Deuteronomy 7:6-11, 1 John 4:7-16, Matthew 11:25-30
“God is Love.”
Like an owl squinting in sunlight, the eyes of humankind are opened gradually to the truth of who we are as a people and who God is. “You are a people sacred to the Lord,” Moses told the Israelites. Bending to the weakness of human mistrust, God made an “oath,” a covenant with his people, though Jesus would later exhort them not to swear at all. No gap lies between a divine word and its fulfillment, after all. The oath was for Israel, not for God.
The engagement between God and his people was also very fuzzy, like a picture out of focus. The “I AM” of the burning bush was personal, but faceless. “No one has ever seen God,” and yet, “He who has seen me has seen the Father,” Jesus said.
The identity of the mysterious YHWH began to focus a little bit more as Jesus shared with his disciples the heart of the Father, and promised to send them the Advocate, the Spirit of truth.
Not only God’s identity, but Israel’s began to sharpen into some clarity. God is not only One, but Three. Israel, the precursor of the Church, is not only a people, but persons.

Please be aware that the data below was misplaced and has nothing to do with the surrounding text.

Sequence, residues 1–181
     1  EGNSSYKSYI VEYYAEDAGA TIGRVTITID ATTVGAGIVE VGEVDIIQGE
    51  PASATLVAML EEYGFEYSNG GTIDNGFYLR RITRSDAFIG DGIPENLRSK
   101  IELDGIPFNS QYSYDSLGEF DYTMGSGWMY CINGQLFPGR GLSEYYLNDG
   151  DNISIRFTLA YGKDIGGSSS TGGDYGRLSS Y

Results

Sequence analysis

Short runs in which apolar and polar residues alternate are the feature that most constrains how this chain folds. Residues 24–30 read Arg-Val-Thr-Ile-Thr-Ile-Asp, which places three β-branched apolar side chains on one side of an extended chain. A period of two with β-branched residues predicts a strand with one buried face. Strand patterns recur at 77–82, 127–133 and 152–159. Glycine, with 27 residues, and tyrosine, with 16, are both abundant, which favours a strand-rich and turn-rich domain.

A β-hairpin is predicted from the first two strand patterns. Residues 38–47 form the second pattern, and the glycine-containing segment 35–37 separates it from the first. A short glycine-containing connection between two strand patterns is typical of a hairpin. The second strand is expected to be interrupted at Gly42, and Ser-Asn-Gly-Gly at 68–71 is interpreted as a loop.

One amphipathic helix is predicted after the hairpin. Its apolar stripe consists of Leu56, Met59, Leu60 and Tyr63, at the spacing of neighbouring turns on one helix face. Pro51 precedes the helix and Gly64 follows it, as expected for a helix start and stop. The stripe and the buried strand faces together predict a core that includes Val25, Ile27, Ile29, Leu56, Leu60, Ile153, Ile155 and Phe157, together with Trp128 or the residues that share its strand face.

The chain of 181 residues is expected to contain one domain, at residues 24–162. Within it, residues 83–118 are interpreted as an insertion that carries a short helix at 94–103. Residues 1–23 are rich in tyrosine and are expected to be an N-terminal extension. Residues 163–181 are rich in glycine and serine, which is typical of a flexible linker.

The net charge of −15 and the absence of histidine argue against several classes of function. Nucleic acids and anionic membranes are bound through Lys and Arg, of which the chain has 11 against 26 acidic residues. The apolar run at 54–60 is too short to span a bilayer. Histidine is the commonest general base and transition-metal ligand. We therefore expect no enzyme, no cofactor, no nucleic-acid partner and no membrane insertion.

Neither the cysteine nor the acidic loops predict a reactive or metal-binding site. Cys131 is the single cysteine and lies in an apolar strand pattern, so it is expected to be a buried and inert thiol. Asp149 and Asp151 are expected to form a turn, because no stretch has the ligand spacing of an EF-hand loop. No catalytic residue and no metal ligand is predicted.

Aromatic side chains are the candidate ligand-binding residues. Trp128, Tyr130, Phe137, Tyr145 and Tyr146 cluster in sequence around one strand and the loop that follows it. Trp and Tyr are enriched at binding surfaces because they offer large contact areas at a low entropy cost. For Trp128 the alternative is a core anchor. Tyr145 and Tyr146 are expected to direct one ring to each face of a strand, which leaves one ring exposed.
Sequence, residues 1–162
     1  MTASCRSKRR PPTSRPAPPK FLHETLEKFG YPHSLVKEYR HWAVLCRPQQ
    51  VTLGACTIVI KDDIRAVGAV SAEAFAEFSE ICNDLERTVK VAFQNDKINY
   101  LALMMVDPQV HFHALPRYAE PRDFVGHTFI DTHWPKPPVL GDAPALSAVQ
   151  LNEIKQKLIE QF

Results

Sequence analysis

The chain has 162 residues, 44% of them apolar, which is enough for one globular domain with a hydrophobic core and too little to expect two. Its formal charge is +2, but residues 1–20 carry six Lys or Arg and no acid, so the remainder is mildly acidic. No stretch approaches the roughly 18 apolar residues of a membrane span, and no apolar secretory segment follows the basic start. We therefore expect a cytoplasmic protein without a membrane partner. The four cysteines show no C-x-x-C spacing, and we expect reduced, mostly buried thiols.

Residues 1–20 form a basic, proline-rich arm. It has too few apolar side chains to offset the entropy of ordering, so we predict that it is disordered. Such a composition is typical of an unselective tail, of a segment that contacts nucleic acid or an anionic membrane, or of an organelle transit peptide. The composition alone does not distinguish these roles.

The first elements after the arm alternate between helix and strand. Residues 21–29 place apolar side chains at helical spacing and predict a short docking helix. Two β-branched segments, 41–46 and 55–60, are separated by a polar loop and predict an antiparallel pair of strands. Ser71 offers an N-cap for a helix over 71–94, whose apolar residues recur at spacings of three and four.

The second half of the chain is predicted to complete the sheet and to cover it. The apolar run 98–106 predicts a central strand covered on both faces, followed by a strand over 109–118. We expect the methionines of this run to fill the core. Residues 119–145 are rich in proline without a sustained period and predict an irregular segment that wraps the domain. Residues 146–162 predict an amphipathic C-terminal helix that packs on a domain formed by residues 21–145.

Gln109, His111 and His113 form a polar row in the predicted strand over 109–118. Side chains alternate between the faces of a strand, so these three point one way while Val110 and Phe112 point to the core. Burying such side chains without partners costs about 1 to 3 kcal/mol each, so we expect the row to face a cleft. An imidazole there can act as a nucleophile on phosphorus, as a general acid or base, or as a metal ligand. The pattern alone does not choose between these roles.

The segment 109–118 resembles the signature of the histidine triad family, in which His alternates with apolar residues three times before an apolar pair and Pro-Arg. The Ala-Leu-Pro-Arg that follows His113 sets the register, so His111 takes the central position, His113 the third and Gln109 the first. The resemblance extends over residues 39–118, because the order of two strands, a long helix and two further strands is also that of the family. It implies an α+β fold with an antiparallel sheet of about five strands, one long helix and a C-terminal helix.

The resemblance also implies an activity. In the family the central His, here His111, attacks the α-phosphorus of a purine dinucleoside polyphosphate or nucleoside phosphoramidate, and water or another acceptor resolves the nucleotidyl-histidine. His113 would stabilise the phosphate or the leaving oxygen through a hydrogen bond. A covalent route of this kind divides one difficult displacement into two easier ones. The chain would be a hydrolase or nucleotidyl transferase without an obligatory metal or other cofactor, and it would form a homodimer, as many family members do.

Moses consecrated Israel as a “sacred people,” a nation set apart. The Holy Spirit consecrated the disciples as unique persons when he descended upon each one with a distinct tongue of fire.
“Love” is not an abstraction, but a concrete reality with concrete faces—Father, Son and Holy Spirit, and each unique person baptized by the Spirit in one Body of Christ. The finite and the infinite, the created and the uncreated are united in communion in a way beyond conceptual grasp.
The Blessed Virgin Mary, St. Joseph, St. Anne, St. Joachim, the Holy Innocents, St. John the Baptist, St. Peter, St. John, St. James (son of Zebedee), St. James (son of Alpheus), St. Andrew, St. Philip, St. Bartholomew, St. Thomas, St. Matthew, St. Simon, St. Jude, St. Matthias, St. Mary Magdalene, St. Paul, St. Barnabas, St. Timothy, St. Titus, St. Priscilla, St. Aquila and all the saints to the present day each shine with unique splendor in heavenly communion.
The eternally young, ever-begotten Son of the Father who became the microscopically small son of Mary with a tiny beating heart invites us to become little with him. Mysteries that elude the “wise and the learned” are revealed to “little ones.”